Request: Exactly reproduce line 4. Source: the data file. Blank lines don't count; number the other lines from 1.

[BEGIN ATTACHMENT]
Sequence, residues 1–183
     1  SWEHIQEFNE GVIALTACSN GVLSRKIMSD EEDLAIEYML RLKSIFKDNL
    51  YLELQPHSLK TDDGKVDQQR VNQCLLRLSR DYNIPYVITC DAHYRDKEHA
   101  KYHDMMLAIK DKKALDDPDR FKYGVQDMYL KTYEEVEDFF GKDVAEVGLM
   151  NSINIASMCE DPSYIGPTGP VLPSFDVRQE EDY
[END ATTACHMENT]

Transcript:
   101  KYHDMMLAIK DKKALDDPDR FKYGVQDMYL KTYEEVEDFF GKDVAEVGLM